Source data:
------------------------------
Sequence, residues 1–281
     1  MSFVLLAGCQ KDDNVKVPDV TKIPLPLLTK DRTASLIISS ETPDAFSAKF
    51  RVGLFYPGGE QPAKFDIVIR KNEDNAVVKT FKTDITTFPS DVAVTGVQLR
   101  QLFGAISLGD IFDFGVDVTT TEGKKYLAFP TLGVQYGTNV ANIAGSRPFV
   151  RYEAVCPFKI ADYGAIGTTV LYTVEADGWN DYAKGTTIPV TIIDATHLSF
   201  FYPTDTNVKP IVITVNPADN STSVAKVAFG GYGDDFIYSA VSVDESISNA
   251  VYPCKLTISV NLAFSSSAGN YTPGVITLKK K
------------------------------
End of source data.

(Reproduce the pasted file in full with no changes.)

Sequence, residues 1–281
     1  MSFVLLAGCQ KDDNVKVPDV TKIPLPLLTK DRTASLIISS ETPDAFSAKF
    51  RVGLFYPGGE QPAKFDIVIR KNEDNAVVKT FKTDITTFPS DVAVTGVQLR
   101  QLFGAISLGD IFDFGVDVTT TEGKKYLAFP TLGVQYGTNV ANIAGSRPFV
   151  RYEAVCPFKI ADYGAIGTTV LYTVEADGWN DYAKGTTIPV TIIDATHLSF
   201  FYPTDTNVKP IVITVNPADN STSVAKVAFG GYGDDFIYSA VSVDESISNA
   251  VYPCKLTISV NLAFSSSAGN YTPGVITLKK K